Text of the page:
• Cold pools aloft represent regions of relatively low stability, while surface-based cold pools are regions of relatively stable air.

Weather FAQ:
Collar Cloud

  • A generally circular ring of cloud that may be observed on rare occasions surrounding the upper part of a wall cloud.
  • See Figure 7.
  • This term sometimes is used (incorrectly) as a synonym for wall cloud.

Weather FAQ:
Comma Cloud

  • A synoptic scale cloud pattern with a characteristic comma-like shape, often seen on satellite photographs associated with large and intense low-pressure systems.

Weather FAQ:
Comma Echo

  • A thunderstorm radar echo which has a comma-like shape. It often appears during latter stages in the life cycle of a bow echo (see Figure 1).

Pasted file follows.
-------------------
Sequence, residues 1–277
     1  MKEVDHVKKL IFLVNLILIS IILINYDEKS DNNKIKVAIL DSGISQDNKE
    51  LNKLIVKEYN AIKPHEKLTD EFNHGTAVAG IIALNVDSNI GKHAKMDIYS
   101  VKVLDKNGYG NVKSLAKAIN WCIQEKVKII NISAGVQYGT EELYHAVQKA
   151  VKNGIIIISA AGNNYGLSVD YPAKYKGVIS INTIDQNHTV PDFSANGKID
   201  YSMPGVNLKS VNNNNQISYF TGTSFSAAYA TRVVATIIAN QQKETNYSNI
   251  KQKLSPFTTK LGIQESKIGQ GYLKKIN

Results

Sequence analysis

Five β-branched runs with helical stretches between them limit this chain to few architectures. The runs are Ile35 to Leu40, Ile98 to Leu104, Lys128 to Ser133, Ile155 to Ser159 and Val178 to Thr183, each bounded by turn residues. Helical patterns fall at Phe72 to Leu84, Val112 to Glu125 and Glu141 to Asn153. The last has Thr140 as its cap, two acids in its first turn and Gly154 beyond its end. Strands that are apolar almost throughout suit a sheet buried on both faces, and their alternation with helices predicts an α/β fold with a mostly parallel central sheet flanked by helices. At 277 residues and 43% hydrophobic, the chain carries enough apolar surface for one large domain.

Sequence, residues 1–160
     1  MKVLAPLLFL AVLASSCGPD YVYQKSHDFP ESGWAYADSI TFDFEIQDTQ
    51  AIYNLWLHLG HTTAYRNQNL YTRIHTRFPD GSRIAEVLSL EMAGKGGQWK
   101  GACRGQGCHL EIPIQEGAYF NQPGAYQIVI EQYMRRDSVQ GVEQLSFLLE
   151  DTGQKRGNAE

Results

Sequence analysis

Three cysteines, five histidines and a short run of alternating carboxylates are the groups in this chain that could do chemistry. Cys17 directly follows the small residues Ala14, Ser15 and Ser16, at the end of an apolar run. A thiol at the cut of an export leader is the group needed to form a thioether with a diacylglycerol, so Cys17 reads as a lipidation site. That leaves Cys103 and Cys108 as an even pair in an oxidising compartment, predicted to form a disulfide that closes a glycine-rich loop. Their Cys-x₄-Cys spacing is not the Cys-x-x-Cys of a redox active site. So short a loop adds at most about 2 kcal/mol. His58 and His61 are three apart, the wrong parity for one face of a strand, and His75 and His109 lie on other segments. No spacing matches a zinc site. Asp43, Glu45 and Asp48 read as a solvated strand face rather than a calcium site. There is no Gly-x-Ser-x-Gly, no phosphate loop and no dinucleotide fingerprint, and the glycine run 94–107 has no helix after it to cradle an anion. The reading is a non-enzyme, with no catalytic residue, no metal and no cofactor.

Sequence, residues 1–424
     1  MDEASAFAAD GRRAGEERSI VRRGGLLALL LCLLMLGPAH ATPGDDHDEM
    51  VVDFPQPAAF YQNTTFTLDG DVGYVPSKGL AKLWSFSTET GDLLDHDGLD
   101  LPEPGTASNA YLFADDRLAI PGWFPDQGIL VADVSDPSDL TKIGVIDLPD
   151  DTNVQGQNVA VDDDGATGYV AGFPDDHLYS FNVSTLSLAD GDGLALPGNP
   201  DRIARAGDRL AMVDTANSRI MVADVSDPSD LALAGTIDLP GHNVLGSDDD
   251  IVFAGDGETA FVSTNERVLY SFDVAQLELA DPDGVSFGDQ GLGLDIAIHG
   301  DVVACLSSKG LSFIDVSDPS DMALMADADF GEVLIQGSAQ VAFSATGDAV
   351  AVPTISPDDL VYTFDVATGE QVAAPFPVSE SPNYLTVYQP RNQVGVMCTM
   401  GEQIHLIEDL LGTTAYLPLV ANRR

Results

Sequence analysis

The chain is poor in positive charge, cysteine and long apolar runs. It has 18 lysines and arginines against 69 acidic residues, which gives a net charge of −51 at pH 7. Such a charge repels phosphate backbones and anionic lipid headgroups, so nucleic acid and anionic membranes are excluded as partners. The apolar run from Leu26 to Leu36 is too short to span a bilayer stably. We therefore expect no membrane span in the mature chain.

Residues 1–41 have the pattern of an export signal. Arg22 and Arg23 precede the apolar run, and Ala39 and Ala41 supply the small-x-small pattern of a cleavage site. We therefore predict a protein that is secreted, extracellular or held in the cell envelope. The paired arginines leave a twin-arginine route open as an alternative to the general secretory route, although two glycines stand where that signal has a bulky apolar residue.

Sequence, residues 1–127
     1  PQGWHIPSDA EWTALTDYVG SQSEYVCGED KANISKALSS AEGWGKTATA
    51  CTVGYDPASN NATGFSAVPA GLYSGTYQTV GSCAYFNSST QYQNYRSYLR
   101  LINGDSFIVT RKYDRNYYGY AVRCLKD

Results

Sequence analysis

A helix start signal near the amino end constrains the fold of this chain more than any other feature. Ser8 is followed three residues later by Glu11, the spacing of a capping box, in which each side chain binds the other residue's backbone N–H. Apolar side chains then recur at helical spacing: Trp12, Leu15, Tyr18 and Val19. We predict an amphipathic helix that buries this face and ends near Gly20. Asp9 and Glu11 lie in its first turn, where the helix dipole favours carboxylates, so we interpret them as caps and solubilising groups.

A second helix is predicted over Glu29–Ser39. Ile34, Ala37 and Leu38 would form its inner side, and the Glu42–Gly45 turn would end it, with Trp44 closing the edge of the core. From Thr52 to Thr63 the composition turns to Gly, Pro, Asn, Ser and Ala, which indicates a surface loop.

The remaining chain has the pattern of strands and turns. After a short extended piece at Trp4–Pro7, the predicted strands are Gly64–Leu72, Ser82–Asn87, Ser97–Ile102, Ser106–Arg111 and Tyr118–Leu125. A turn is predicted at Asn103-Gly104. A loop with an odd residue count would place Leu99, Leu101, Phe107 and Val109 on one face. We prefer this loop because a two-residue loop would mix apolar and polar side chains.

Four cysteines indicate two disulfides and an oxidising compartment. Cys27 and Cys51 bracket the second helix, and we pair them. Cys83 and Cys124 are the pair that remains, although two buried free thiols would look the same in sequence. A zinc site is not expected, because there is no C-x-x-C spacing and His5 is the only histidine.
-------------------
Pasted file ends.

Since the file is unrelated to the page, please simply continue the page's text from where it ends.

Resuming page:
Weather FAQ:
Condensation Funnel

  • A funnel-shaped cloud associated with rotation and consisting of condensed water droplets (as opposed to smoke, dust, debris, etc.).
  • Compare with debris cloud.

Weather FAQ:

  • A pattern of wind flow in which air flows inward toward an axis oriented parallel to the general direction of flow.It is the opposite of difluence. Confluence is not the same as convergence.
  • Winds often accelerate as they enter a confluent zone, resulting in speed divergence which offsets the (apparent) converging effect of the confluent flow.

Weather FAQ:

Weather FAQ:

  • Generally, transport of heat and moisture by the movement of a fluid.
  • The circulatory motion that occurs at nonuniform temperatures due to gravity and density variation, resulting in the transfer of heat.
  • In meteorology, the term is used specifically to describe vertical transport of heat and moisture, especially by updrafts and downdrafts in an unstable atmosphere.
  • The terms "convection" and "thunderstorms" often are used interchangeably, although thunderstorms are only one form of convection.
  • Cbs, towering cumulus clouds, and ACCAS clouds all are visible forms of convection.